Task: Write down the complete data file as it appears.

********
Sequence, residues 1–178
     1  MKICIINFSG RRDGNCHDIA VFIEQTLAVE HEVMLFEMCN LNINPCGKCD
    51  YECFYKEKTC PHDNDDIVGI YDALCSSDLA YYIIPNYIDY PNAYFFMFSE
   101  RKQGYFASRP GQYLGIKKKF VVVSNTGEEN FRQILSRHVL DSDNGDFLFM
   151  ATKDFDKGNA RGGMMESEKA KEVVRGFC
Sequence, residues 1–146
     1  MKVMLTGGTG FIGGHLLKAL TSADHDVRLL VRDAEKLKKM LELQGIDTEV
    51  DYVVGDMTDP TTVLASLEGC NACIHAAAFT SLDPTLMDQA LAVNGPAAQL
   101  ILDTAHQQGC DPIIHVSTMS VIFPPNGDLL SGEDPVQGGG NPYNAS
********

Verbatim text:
Sequence, residues 1–178
     1  MKICIINFSG RRDGNCHDIA VFIEQTLAVE HEVMLFEMCN LNINPCGKCD
    51  YECFYKEKTC PHDNDDIVGI YDALCSSDLA YYIIPNYIDY PNAYFFMFSE
   101  RKQGYFASRP GQYLGIKKKF VVVSNTGEEN FRQILSRHVL DSDNGDFLFM
   151  ATKDFDKGNA RGGMMESEKA KEVVRGFC
Sequence, residues 1–146
     1  MKVMLTGGTG FIGGHLLKAL TSADHDVRLL VRDAEKLKKM LELQGIDTEV
    51  DYVVGDMTDP TTVLASLEGC NACIHAAAFT SLDPTLMDQA LAVNGPAAQL
   101  ILDTAHQQGC DPIIHVSTMS VIFPPNGDLL SGEDPVQGGG NPYNAS